The Minister of Works, David Umahi, has announced the demolition of 750 houses along the path of the Lagos-Calabar Coastal Highway. During a stakeholder meeting in Lagos on Thursday, Umahi stated that if the new alignment is followed, 490 houses would be affected, but adhering to the gazetted alignment requires the demolition of 750 houses. He assured that the alignment remains unchanged, except for a 25-kilometer realignment at Okun Ajah to avoid submarine cables.

Property owners expressed dissatisfaction with the compensation offered, claiming it does not reflect their investments. Umahi disclosed that President Bola Tinubu would flag off the Lagos-Calabar Coastal Highway on Sunday, May 26, 2024. He emphasized the project’s potential to boost tourism, reduce inflation, and strengthen the naira through external funding.

“The coastal highway will not only benefit Lagos but will also extend through the 700 kilometers of the highway, linking Sokoto to Badagry and connecting Enugu, Abakaliki, Ogoja, down to Cameroon,” Umahi said. This route is part of the trans-Africa trade network, linking Nigeria with other West African countries.


During a Q&A session, 10 property owners were compensated, but many described the compensation as inadequate. Cajetan Onu, President of Total Energies Staff Cooperative Society, stated that the amount offered did not match their investment, urging for more time to salvage equipment and a fairer compensation evaluation.

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Olanrewaju Ojo, founder of Leisure Games, criticized the N1.3 million compensation as insufficient, equating it to a week’s earnings. Another anonymous business owner received only 1/6 of his submitted claim, and Paul Osemele highlighted the loss of revenue from 20 tenants who had to vacate his property.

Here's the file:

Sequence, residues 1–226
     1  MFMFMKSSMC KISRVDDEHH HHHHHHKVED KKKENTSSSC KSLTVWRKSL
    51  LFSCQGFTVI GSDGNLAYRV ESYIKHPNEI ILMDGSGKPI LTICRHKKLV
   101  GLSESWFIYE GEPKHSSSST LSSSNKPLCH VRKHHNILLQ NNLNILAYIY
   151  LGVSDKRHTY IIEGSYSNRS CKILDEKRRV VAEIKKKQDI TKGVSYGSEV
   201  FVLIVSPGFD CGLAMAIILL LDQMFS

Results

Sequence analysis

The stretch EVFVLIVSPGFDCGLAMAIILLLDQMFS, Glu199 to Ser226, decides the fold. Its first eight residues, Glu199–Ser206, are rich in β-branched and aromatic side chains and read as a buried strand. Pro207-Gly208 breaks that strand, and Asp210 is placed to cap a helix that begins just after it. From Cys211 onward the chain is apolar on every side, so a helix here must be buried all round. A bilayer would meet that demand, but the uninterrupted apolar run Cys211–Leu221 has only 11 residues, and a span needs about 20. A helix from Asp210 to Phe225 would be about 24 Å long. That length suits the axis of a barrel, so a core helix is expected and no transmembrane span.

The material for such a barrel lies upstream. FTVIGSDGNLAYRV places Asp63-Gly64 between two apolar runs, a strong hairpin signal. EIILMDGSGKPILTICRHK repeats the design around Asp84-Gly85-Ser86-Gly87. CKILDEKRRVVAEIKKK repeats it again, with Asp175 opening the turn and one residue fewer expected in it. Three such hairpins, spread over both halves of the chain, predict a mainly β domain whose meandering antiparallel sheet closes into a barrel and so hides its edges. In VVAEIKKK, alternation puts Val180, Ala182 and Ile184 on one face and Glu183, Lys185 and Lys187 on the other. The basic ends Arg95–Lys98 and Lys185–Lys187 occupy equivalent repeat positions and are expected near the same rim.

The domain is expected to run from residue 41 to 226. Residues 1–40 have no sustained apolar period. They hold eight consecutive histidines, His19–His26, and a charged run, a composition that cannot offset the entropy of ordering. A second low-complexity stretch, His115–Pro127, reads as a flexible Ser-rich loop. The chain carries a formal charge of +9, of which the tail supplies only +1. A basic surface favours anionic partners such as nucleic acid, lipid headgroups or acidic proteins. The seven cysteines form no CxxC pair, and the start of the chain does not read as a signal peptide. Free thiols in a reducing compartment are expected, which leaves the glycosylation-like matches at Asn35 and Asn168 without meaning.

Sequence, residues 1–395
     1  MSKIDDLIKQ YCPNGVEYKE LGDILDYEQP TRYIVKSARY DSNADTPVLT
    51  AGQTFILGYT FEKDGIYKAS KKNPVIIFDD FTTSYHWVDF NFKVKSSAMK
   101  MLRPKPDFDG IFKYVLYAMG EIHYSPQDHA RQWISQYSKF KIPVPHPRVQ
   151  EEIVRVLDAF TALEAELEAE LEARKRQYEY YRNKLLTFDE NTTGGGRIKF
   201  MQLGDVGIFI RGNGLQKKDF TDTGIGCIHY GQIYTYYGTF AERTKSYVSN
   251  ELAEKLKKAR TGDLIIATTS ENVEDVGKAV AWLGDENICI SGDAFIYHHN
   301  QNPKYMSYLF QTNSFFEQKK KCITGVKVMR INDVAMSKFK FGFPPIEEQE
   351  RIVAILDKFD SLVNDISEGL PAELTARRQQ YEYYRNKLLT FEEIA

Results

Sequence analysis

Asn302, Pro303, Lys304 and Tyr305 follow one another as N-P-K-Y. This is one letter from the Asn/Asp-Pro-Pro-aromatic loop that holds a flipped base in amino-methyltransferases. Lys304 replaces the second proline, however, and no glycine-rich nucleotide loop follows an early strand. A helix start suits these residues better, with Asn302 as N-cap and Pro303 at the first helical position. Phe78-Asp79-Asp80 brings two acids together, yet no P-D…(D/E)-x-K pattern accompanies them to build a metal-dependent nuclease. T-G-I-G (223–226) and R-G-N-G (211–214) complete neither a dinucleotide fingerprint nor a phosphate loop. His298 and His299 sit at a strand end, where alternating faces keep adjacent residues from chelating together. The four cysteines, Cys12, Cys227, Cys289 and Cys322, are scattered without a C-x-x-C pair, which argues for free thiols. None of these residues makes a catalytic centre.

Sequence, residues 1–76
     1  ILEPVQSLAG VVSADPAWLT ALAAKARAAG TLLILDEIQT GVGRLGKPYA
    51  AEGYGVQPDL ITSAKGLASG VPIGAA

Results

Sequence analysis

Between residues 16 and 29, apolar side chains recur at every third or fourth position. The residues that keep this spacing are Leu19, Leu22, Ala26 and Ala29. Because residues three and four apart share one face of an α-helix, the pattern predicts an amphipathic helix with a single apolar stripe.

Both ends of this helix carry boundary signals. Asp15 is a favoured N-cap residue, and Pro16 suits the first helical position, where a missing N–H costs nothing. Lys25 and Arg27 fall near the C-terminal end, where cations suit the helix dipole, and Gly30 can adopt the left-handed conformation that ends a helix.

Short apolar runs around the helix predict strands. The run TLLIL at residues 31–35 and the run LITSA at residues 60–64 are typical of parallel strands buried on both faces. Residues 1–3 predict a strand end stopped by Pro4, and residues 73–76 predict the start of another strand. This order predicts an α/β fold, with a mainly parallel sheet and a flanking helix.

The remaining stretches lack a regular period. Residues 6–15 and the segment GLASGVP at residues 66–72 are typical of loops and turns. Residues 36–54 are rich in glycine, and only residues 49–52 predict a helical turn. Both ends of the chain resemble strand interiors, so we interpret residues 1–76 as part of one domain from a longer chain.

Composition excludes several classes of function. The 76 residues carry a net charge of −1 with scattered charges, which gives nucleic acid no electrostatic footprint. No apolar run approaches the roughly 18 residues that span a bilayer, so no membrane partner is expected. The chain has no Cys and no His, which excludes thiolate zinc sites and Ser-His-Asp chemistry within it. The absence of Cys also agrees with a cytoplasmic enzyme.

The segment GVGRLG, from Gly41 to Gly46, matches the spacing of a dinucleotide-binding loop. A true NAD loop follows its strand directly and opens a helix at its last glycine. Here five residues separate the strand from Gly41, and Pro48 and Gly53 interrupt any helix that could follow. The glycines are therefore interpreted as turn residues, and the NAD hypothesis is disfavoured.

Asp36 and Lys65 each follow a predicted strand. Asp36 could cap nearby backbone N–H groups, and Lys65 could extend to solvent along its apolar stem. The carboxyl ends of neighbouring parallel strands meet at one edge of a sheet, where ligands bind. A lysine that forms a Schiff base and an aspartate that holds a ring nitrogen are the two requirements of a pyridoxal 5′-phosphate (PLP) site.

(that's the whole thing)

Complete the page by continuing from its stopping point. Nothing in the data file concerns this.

In response, Umahi defended the government’s compensation process as fair and consistent, revealing a total of N2.75 billion in compensation allocated to affected property owners from channel 0 to channel 3 of the highway’s construction. He emphasized a compassionate approach towards the residents who voted for the president, ensuring fair compensation.

The initial phase included compensations for 10 property owners: Olaotan Olamuyiwa, Kemi Osinibi, Mide Adegbite, Peter Oladipupo, Bukola Oloko, Abiodun Oguntunde, Dapo Oniru, Mustapha Olatunji, Dr. Bashir Oshodi, and Bestrock. The Federal Controller of Works for Lagos State, Olukorede Kesha, assured that more compensations would follow.


The 700-kilometer Lagos-Calabar Coastal Highway, spanning nine states with two spurs to the north, is being constructed with concrete pavement. A committee, including representatives from the ministry, Lagos State, affected communities, and other stakeholders, was established in April to oversee compensation assessments and payments.

The government aims to ensure a transparent and fair process for all affected by the highway’s construction, balancing development needs with the rights and investments of property owners.